The consultation will be opened up to members of the general public from 9 July.

Chancellor George Osborne set out this week the Conservative–Liberal Democrat coalition’s ambition to cut most departments’ spending by 25% over four years.

 

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Readers' comments (10)

  • I wish to find out has the consultation gone to the public yet - I have many ideas I would like to put forward - do you have a place/www/address to which I could send these ideas.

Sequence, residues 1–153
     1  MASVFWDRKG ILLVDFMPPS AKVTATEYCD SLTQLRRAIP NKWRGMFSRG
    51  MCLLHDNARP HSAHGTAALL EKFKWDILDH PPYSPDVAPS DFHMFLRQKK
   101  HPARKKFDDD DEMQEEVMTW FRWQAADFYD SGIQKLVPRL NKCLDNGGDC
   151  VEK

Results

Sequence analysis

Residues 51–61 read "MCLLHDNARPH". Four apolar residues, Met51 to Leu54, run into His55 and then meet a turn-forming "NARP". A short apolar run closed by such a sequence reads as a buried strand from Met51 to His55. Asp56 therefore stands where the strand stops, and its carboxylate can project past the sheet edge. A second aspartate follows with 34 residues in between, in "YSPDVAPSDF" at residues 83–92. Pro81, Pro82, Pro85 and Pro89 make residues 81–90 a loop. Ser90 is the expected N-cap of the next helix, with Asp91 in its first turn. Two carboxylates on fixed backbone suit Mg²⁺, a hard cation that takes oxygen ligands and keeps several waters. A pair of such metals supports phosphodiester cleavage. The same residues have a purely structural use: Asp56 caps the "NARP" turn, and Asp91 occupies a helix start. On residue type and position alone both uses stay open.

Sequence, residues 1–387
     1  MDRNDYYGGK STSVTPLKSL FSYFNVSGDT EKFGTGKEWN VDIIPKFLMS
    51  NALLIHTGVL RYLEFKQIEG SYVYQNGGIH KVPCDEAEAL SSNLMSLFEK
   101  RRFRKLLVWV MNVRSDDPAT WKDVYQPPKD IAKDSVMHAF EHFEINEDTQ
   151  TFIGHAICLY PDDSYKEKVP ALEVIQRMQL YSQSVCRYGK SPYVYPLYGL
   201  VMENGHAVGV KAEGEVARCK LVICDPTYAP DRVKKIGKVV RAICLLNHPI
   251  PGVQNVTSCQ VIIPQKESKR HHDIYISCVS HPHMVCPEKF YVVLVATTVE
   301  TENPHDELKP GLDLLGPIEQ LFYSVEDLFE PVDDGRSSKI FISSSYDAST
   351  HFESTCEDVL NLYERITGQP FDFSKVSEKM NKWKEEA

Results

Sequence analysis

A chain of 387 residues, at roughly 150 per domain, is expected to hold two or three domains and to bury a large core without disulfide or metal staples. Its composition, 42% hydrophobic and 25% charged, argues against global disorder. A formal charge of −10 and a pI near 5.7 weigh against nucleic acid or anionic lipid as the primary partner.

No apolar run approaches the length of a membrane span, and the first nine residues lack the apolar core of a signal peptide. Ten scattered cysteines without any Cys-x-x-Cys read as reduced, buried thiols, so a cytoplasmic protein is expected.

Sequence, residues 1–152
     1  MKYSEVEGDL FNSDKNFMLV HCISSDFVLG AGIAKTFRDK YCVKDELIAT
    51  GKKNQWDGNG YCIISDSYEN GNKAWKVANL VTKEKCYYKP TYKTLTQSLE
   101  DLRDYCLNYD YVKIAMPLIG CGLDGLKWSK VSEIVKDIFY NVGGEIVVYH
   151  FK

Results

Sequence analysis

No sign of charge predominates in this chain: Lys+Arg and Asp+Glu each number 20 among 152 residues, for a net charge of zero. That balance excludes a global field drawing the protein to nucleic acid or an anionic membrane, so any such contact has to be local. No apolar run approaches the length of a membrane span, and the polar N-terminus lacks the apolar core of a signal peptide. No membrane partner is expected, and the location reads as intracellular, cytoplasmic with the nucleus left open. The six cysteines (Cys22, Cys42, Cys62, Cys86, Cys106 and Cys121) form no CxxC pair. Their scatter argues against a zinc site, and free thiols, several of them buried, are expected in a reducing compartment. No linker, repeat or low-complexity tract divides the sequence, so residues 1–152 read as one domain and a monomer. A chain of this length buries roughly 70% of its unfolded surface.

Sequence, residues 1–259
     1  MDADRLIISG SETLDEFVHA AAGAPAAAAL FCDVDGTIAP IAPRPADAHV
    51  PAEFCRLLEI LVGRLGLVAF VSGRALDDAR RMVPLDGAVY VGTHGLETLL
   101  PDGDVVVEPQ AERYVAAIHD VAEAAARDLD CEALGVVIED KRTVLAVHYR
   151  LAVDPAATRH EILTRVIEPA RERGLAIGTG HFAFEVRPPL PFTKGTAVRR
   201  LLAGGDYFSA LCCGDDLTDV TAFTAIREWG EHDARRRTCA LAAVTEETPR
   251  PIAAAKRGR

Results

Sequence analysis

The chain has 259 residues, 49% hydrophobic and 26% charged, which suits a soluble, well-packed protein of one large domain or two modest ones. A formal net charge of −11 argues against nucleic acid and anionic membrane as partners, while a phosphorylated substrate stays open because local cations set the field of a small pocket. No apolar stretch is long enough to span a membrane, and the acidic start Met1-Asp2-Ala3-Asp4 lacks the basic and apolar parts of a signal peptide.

Thanx

    Nessa

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  • The site, linked above, is:
    http://spendingchallenge.hm-treasury.gov.uk/

  • Dear Nessa - I, too, have an idea and from this piece I see that we can have our go as from 9 July

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  • Despite having worked in Local Government for 32 years I appear to have been missed off the mailing list or can I presume my letter is in the much more efficient privatised post?

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  • I also seem to have been missed off the mailing list. Is this how I inform the Government of this fact or is there an email address you can supply?